- Standing Hamstring Stretch
- Lying Glute Stretch
- Stability Exercise on Knees I
- Seated Body Twist
With any exercise, go slow. Don’t rush it. If pain occurs, stop and adjust. If it continues, stop the exercise altogether. Don’t push through the pain. You could be doing more harm than good. It’s also important to stay properly hydrated throughout any exercise session and to wear comfortable clothing that doesn’t restrict your movement.
What Else Should You Do?
Watch your posture! Bad posture is a sure-fire way to back pain. It causes numerous dysfunctions and imbalances throughout the body. Inevitably, it often results in pain. If you work at a desk all day, consider proper ergonomics. How can you set up your workspace to limit injury or pain and increase efficiency?
Limit sedentary behavior, especially sitting in a single position for long durations. And working a desk job is no excuse. Find time every couple of hours to stretch, stand up, and walk around. Trust us - your body needs it.
Be cautious with movements at first. Perform any movement involving twisting or bending your torso and spine slowly. Don’t rush it. Trying to do it quickly may cause injury and further back pain problems.
Learn to lift heavy objects properly. Position your feet shoulder-width apart. Squat down. Lift using your lower body and not your back. This means as you come into standing keep your back straight and push up through your heels.
When exercising, gradually increase your intensity, frequency, duration, or resistance. Too much too soon is a common cause of injuries, including back issues.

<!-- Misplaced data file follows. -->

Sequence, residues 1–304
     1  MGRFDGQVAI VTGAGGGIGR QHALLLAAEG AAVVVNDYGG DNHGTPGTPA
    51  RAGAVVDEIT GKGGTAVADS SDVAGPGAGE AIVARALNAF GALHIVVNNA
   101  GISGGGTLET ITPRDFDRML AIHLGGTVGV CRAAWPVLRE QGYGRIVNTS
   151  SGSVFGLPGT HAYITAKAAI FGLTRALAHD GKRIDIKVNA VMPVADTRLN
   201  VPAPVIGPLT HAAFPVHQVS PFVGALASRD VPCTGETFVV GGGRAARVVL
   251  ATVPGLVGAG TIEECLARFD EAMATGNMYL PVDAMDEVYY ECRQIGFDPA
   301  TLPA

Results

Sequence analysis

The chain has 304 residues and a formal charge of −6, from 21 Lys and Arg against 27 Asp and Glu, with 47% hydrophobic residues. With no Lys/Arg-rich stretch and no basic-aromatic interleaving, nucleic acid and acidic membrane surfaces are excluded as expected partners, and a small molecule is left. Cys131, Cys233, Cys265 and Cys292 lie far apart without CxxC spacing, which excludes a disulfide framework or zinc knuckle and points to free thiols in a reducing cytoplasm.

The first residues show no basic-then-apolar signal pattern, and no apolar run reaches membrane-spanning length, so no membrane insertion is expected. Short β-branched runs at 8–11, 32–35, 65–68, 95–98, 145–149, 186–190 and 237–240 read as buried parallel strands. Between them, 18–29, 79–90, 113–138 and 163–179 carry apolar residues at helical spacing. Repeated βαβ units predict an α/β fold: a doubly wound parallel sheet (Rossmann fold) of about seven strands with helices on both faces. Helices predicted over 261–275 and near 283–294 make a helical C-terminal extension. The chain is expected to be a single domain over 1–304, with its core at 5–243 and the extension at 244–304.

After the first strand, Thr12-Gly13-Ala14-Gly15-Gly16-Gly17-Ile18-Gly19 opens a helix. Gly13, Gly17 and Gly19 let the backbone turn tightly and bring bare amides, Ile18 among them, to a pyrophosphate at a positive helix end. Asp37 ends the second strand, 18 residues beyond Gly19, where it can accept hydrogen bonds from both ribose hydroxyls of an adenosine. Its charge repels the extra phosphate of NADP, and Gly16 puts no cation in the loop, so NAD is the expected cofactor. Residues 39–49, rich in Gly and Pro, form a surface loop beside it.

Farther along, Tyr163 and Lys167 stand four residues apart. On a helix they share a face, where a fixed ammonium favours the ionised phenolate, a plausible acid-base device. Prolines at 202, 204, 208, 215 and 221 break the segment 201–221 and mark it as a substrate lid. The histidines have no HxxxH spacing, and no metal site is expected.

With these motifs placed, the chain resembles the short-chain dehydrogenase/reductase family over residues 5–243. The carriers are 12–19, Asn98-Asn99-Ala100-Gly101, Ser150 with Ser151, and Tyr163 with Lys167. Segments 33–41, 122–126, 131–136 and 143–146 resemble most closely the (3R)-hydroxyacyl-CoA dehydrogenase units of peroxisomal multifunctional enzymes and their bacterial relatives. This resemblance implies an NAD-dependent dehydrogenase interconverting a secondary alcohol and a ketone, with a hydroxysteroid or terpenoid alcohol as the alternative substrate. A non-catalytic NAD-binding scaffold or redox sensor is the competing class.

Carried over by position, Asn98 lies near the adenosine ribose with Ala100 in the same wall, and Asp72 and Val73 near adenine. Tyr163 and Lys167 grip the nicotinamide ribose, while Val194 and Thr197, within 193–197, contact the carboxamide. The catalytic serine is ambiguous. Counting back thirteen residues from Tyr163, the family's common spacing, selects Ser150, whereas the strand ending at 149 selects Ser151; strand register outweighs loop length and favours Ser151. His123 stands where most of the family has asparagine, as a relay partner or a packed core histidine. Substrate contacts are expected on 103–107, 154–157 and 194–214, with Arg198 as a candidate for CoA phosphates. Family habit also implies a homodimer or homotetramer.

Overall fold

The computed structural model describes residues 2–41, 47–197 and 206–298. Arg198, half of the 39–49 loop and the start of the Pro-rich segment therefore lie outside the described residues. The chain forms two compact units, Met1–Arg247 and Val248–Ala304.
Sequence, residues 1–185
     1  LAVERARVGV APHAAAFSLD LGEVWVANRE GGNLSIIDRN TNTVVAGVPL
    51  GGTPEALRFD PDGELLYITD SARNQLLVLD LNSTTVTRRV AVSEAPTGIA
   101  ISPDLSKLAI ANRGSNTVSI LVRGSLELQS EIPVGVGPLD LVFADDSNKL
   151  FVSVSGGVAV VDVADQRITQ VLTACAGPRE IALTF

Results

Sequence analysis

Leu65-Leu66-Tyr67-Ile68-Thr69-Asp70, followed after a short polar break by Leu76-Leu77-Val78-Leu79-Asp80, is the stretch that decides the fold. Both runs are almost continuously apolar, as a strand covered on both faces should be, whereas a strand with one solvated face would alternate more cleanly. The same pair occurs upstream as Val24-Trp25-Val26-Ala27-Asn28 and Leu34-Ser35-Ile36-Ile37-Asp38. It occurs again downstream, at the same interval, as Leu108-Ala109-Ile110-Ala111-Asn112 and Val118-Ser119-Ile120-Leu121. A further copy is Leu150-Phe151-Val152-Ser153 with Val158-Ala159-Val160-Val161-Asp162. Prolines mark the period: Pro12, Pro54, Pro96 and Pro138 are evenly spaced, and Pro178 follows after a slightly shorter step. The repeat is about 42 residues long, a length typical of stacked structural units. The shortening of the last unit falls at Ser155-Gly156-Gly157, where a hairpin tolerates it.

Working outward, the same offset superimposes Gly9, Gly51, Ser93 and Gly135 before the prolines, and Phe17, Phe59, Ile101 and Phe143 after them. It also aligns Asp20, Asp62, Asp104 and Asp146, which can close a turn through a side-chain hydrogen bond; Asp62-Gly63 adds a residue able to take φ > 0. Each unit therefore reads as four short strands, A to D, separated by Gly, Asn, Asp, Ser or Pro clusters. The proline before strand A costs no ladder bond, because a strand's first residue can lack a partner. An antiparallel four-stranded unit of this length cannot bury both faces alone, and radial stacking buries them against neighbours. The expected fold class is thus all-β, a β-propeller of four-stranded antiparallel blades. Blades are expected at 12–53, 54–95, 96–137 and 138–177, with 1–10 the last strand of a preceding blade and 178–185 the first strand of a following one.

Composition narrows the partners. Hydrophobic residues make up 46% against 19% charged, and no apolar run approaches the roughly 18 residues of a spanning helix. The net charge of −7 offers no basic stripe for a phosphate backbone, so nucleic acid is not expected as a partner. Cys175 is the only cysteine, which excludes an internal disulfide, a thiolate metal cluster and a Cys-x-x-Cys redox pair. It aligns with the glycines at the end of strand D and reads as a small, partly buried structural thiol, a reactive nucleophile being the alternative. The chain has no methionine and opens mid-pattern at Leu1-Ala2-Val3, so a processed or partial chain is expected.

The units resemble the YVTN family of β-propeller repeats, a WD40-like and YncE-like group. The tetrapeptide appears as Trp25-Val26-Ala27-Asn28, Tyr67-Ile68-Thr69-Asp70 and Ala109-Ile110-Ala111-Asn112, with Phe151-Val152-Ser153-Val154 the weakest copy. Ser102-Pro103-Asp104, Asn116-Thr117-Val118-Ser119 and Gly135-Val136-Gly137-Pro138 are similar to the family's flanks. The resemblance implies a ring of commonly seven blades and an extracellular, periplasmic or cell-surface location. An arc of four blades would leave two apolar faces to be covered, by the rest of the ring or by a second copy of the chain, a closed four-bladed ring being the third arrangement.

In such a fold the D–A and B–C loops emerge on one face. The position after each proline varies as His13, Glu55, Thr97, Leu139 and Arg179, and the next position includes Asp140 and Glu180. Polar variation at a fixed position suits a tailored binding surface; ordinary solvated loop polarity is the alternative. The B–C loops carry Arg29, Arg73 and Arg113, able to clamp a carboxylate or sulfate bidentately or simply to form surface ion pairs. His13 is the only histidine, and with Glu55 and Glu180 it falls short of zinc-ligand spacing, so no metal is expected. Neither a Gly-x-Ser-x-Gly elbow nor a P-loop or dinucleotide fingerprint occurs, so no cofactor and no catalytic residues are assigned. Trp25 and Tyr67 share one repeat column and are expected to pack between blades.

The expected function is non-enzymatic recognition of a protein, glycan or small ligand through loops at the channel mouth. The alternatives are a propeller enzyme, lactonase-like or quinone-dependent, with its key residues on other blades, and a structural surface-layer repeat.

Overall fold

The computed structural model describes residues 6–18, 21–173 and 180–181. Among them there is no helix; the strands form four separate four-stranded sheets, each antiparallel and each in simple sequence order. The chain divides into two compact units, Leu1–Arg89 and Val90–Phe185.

Maintaining a healthy weight may further prevent back pain. Excess weight places additional stress on the joints, bones, and muscles of the body. It’s also associated with numerous diseases. Exercise regularly and consume a healthy and balanced diet.
Build core strength, including the often neglected transverse abdominis muscle. While many people strive for those 6-pack abs, it’s also beneficial to focus on the deep and lower abdominal muscles. The transverse abdominis muscle, in particular, acts as a corset around the low back and pelvis. Strengthening this tiny but frequently ignored muscle can go a long way when it comes to preventing back pain.
Quit smoking. Smoking restricts the blood vessels in the body. Consequently, the discs in the spine may not get enough nutrients or blood flow. This may result in problems, such as a herniated or ruptured disc, that lead to back pain.
Wear comfortable shoes appropriate to your activity. High heels are not recommended if you’ve suffered injuries or back pain in the past. Find comfortable shoes that support your feet and body.
Avoid carrying bags on one side of your body. For example, a heavy purse or backpack may pull on certain muscles and joints. Again, this may have a chain-like effect and may end up impacting your back, producing pain.
Start Your Road Toward Recovery Today!
If your pain is severe, don’t hesitate to seek out a consultation with your healthcare provider. The sooner you get help, the sooner you’ll be on your way toward fixing your back pain once and for all.
And if you’re on the hunt for exercises specific to your condition, Injurymap can help you along the way. The app provides personalized training programs so you can get better, faster. Treat your aches and pains before they get worse. Lead the life you want. Get back to those activities you know and love, such as your favorite sport or spending quality time with your loved ones. That way, you can do what you want when you want, without pain holding you back.
About the author
Krista Bugden has worked as a Rehab Exercise Expert at a physiotherapist clinic in Ottawa, Canada for the past 4 years. She has an Honours Bachelor Degree in Human Kinetics from the University of Ottawa. She uses her extensive knowledge in this area to educate others through well-researched and informative articles. Her passions include helping others and inspiring each person she meets to get the most out of their life.